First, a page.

As the pulsed driving signal, such signals as described in U.S. Pat. Nos. 4,463,359 and 4,345,262 are suitable. When the conditions described in U.S. Pat. No. 4,313,124 that is an invention relating to the rate of temperature rise on the heat-acting surface are adopted, very excellent recording can be conducted.

As the construction of the recording head, such combined constructions (linear liquid flow path or perpendicular liquid flow path) comprised of ejection openings, a liquid flow path and electrothermal converters as disclosed in the above-described publications, and besides, constructions based on U.S. Pat. Nos. 4,558,333 and 4,459,600 which disclose the construction in which a heat-acting portion is arranged in a curved region may also be included in the present invention.

Constructions based on Japanese Patent Application Laid-Open No. 59-123670 which discloses the construction in which a slit common to a plurality of electrothermal converters is used as an ejection part of the electrothermal converters, and Japanese Patent Application Laid-Open No. 59-138461 which discloses the construction in which an opening absorbing pressure wave of thermal energy is provided opposite to an ejection part, may also be effective for the present invention.

Further, as a full-line type recording head having a length corresponding to the longest width of recording media, both of the construction in which the length is met by such a combination of plural recording heads as disclosed in the above-described publications and the construction in which one recording head is integrally formed may be used, and the above-described effects of the present invention can be more effectively exhibited.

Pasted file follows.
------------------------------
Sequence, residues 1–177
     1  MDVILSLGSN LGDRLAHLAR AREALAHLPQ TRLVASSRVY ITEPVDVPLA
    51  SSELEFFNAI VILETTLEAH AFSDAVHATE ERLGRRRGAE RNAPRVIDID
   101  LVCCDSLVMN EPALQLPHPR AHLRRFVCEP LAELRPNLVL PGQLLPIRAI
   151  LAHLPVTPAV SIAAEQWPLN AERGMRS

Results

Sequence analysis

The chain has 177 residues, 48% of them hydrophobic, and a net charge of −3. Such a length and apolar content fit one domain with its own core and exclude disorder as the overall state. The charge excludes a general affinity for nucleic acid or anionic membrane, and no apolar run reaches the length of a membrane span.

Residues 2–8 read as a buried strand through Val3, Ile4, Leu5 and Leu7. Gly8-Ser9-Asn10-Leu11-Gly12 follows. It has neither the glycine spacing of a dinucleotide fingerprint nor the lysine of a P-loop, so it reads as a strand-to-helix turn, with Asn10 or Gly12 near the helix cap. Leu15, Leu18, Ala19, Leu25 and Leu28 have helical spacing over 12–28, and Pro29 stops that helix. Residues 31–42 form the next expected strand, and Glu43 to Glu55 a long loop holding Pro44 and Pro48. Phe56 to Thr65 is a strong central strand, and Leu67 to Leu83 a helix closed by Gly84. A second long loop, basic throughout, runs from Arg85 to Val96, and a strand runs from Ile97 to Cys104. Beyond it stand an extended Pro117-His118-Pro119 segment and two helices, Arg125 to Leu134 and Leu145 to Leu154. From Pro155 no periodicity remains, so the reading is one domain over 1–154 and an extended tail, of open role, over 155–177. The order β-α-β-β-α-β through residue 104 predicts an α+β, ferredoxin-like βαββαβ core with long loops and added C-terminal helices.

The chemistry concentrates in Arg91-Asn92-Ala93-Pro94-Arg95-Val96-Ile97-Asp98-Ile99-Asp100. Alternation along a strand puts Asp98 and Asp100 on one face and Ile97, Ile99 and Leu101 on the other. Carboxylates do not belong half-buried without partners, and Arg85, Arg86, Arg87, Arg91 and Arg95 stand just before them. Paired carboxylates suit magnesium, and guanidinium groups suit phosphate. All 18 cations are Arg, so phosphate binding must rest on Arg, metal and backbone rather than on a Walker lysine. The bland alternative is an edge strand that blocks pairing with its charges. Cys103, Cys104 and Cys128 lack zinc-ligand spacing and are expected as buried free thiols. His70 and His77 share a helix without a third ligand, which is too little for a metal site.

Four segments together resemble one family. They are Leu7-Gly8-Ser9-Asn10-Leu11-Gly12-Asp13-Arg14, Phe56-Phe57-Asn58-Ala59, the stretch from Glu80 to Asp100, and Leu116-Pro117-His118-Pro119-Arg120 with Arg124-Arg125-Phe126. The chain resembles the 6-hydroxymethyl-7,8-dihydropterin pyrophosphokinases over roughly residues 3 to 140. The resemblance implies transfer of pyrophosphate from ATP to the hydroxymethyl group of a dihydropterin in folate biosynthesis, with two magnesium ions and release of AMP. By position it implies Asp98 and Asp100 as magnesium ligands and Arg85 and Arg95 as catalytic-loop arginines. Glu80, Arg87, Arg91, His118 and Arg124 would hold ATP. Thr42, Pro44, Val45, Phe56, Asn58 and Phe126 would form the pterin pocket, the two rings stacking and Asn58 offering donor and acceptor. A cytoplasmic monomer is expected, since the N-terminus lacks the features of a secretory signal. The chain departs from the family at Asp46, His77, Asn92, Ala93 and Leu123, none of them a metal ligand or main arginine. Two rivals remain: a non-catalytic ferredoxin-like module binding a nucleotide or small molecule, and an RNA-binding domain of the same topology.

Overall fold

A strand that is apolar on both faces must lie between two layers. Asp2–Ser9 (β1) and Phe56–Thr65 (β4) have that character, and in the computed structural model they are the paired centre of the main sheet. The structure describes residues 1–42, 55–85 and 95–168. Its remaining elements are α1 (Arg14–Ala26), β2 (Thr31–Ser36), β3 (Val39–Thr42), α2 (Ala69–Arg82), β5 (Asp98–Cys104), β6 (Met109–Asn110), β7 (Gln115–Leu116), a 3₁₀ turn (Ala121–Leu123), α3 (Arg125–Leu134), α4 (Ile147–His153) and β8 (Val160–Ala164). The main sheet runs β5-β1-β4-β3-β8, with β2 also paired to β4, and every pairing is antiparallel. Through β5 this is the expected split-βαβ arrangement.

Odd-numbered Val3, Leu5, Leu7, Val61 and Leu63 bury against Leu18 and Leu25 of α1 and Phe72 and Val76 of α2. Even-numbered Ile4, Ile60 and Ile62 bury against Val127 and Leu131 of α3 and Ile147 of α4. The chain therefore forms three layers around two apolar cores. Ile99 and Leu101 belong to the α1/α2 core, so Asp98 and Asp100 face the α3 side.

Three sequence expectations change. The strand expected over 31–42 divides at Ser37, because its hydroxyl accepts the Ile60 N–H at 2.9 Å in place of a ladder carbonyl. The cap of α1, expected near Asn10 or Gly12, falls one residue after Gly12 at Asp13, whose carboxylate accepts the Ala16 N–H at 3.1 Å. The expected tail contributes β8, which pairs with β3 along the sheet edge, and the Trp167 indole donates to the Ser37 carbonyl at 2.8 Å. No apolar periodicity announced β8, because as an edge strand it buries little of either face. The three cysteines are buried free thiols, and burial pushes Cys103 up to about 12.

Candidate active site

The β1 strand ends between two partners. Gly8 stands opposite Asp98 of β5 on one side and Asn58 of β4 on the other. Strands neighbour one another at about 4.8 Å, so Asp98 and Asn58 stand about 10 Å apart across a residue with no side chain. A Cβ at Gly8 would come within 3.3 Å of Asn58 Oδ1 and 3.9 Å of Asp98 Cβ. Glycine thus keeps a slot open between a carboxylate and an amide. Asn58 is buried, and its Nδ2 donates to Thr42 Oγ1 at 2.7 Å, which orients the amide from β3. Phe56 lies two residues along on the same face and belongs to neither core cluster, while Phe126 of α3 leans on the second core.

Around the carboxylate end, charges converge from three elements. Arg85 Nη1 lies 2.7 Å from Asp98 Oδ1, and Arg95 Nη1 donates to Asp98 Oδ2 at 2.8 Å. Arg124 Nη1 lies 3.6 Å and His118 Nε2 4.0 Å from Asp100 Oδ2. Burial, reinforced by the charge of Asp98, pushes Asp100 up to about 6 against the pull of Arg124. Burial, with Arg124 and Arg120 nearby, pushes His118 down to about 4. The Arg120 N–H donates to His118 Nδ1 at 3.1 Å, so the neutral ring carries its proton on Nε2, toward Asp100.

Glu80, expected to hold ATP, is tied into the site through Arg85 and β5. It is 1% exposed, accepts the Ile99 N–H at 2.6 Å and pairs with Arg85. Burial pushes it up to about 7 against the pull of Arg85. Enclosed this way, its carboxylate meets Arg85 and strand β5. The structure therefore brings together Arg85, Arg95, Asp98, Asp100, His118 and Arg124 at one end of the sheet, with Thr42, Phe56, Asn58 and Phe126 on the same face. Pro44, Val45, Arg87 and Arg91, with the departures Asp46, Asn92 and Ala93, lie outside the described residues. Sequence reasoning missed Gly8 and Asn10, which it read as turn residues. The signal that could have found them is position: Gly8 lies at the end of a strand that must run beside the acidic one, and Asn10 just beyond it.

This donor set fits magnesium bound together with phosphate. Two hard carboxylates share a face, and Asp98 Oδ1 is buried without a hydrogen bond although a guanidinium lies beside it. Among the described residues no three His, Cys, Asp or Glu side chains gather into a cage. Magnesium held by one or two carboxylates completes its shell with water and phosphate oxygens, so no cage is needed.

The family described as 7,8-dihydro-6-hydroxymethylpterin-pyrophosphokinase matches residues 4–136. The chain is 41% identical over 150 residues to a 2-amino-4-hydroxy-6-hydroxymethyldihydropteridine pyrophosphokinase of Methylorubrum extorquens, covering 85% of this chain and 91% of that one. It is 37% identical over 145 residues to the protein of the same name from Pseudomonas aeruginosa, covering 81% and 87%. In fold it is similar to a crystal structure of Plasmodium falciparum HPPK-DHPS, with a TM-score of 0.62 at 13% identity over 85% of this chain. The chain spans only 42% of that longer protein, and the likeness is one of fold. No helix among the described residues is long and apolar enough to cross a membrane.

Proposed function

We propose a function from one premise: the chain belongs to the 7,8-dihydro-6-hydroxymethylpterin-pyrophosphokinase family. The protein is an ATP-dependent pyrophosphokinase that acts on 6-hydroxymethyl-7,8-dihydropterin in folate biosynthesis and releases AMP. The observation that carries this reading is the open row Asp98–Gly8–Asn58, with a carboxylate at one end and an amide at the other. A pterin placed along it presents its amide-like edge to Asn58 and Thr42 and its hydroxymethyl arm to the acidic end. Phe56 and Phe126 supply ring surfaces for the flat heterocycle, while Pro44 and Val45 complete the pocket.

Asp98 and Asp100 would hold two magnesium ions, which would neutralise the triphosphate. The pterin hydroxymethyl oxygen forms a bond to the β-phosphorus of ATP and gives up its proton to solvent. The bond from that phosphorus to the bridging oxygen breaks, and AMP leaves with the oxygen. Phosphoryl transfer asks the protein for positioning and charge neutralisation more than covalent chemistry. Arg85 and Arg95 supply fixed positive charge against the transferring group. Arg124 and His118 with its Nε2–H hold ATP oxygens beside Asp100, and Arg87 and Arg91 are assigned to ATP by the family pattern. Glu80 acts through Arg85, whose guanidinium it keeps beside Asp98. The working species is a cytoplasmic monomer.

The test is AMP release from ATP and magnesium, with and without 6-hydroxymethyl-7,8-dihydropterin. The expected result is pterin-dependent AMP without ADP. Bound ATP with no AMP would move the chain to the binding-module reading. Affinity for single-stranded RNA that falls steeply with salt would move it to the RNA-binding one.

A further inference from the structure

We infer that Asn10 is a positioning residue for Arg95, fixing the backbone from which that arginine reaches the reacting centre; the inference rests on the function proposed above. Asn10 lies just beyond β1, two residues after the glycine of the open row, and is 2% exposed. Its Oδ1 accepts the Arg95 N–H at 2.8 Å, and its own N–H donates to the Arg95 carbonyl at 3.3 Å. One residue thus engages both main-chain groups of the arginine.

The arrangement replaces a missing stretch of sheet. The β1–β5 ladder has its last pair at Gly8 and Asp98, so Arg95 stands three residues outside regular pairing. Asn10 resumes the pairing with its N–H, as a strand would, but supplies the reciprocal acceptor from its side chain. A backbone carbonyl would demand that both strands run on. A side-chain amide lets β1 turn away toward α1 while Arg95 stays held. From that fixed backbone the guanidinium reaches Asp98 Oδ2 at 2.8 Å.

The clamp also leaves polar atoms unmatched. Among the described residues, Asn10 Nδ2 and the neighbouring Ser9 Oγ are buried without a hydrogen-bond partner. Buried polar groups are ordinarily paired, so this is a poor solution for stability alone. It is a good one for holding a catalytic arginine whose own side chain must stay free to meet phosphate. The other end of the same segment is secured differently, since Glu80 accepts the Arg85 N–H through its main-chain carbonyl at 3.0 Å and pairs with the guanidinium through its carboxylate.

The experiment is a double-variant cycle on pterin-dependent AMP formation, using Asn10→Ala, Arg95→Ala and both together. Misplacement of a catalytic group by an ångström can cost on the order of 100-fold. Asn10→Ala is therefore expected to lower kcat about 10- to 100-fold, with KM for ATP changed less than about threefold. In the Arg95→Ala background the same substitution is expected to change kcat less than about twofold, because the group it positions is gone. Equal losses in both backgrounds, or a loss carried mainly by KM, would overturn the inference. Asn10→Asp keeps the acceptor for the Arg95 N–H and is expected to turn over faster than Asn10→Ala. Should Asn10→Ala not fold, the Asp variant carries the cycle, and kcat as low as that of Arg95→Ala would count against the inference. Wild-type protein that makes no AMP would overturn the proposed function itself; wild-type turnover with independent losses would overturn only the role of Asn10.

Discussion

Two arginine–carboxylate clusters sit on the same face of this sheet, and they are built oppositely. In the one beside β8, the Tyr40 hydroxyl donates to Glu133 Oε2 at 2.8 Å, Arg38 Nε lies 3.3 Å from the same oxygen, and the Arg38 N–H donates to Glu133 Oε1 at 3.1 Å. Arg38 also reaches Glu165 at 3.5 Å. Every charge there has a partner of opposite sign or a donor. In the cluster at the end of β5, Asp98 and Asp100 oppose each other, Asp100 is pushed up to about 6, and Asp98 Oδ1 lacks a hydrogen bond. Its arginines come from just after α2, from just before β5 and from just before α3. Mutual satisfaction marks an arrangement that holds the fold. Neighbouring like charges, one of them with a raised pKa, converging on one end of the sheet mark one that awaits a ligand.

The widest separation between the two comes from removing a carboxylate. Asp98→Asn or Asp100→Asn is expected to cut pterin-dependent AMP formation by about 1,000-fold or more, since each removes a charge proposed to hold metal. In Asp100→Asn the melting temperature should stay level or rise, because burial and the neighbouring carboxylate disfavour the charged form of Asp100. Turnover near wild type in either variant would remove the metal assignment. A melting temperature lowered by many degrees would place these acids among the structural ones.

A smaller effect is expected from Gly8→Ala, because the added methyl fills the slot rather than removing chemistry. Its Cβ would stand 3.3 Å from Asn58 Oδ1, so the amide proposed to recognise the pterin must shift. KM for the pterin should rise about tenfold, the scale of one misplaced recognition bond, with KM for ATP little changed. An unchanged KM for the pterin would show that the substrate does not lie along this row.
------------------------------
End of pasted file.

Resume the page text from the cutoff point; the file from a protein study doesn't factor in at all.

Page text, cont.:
In addition, the present invention is effective even when using a replaceable, chip type recording head in which electrical connection to an apparatus body and the feed of an ink from the apparatus body is made feasible by installation in the apparatus body, or a cartridge type recording head in which an ink tank is provided integrally in a recording head itself.

Further, the addition of recovery means for a recording head, preliminary auxiliary means, etc. which are provided as the constitution of the recording apparatus according to the present invention is preferred because the effects of the present invention can be more stabilized. Specifically, capping means for the recording head, cleaning means, pressurizing or sucking means, preliminary heating means comprised of electrothermal converters, other heating elements or a combination thereof, and preliminary ejection mode conducting ejection separate from recording may also be effective for stable recording.

As a recording mode of the recording apparatus, the present invention is extremely effective for not only a recording mode using a main color such as black, but also an apparatus equipped with at least one of composite color of different colors and full color by color mixing which may be created by an integrally constructed recording head or a combination of recording heads.